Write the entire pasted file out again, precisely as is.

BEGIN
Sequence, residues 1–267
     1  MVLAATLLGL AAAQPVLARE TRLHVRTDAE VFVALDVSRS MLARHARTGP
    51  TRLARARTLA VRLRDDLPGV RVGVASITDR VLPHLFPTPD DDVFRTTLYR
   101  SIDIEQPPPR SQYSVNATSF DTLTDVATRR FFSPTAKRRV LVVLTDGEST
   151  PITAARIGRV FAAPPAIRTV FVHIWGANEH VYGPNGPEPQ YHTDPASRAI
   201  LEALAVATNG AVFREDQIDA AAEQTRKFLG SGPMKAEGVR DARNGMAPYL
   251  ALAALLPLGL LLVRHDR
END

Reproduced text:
Sequence, residues 1–267
     1  MVLAATLLGL AAAQPVLARE TRLHVRTDAE VFVALDVSRS MLARHARTGP
    51  TRLARARTLA VRLRDDLPGV RVGVASITDR VLPHLFPTPD DDVFRTTLYR
   101  SIDIEQPPPR SQYSVNATSF DTLTDVATRR FFSPTAKRRV LVVLTDGEST
   151  PITAARIGRV FAAPPAIRTV FVHIWGANEH VYGPNGPEPQ YHTDPASRAI
   201  LEALAVATNG AVFREDQIDA AAEQTRKFLG SGPMKAEGVR DARNGMAPYL
   251  ALAALLPLGL LLVRHDR